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What the tax hit will mean for the economy

The tax package that averted the fiscal cliff will significantly lower the deficit, but at what cost to economic growth?

Jan 2, 2013 @ 9:57 am

By David Kelly

This week investors should finally be able to consider the broader global investment environment as the clouds of fiscal uncertainty clear. Before moving on, however, it is worth noting a few things about the tax package that cleared the House of Representatives late last night.

First, because the fight was concentrated on how the “rich” should be taxed, many investors may have the impression that this was a relatively small and narrowly focused tax increase. In fact, this represents a very significant increase in taxation on almost all Americans, with the most pain likely being inflicted by the expiration of the 2% payroll tax cut. From a macro-economic perspective, this is also where the impact is likely to be greatest – consumer spending on basic goods and services like groceries, clothing, restaurant meals and gasoline should all take a hit over the next few months due to lower take-home pay.

Second, there is the impression that this deal is somehow “kicking the can down the road”. It is, to an extent, from a political perspective, as a new debt-ceiling debate looms in two months. However, this tax increase will make a big dent in the deficit. Assuming that some other spending cuts more or less replace the much-hated sequester, it could cause the deficit to fall from 7.0% of GDP in fiscal 2012 to 5.8% of GDP in fiscal 2013 and 4.2% in 2014. In fiscal 2009, the deficit was over 10% of GDP. Once it falls below 4.0% of GDP the debt/GDP ratio should begin to fall, bringing some stability to federal finances. Overall, we are not that far from that goal and last night's vote was an important, if somewhat too large, step in that direction.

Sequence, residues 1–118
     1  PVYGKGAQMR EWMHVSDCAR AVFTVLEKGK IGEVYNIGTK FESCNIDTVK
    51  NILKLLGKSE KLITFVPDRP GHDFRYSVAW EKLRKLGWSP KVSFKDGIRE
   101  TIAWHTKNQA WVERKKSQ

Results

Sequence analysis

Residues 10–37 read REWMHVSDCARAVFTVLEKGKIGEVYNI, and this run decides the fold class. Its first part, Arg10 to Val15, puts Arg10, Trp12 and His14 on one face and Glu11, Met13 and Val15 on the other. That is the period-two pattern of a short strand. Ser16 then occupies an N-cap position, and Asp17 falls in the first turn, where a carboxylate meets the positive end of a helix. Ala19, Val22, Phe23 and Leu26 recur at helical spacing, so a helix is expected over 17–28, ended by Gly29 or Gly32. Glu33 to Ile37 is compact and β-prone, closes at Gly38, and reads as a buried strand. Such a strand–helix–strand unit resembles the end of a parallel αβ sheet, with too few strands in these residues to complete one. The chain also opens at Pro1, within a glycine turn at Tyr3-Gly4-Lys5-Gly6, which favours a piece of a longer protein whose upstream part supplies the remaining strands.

Finally, the impact of all of this should be to slow the U.S. economy in the first half of 2013 but not put it into recession. The big positives for the economy are much improved consumer and corporate balance sheets and huge pent-up demand, particularly in the very cyclical home-building and auto sectors. These sectors, combined with a pickup in business investment spending, should allow the economy weather fiscal drag in early 2013 and strengthen later in the year.

The next few days will give some sense on the strength of the economy going into 2013. Overall, the Manufacturing surveys from ISM and Markit should show moderate expansion. Vehicle Sales, due out on Thursday, appear to have continued their recovery, despite the fiscal uncertainty, although chain-store reports are likely to be more downbeat. As usual, in the first week of the month, the big report will be the Jobs report, due out on Friday. Our models suggest a continuation of moderate gains, although the annual revision to the unemployment rate numbers could add some extra volatility.

Overall, 2012 was a year for investors to recognize both “tail risks” and “tail valuations”. With the passage of last night's bill, another tail risk has been snipped, highlighting the still inappropriate spreads between the valuation of stocks and bonds and suggesting that long-term investors should still over-weight the former, relative to the latter.

David Kelly is the chief global strategist for J.P. Morgan Funds.

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